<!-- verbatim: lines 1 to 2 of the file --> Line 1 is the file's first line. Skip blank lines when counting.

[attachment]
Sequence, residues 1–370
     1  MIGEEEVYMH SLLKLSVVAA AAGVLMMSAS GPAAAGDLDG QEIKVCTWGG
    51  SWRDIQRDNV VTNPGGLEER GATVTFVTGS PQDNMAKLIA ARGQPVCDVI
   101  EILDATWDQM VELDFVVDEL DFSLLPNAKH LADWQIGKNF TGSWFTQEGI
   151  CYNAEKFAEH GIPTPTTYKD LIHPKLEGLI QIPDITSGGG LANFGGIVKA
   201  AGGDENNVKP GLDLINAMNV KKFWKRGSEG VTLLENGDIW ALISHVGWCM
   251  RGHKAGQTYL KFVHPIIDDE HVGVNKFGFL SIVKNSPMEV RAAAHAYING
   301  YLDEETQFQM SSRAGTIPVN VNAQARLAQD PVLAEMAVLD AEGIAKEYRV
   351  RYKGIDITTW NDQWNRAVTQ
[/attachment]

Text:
Sequence, residues 1–370
     1  MIGEEEVYMH SLLKLSVVAA AAGVLMMSAS GPAAAGDLDG QEIKVCTWGG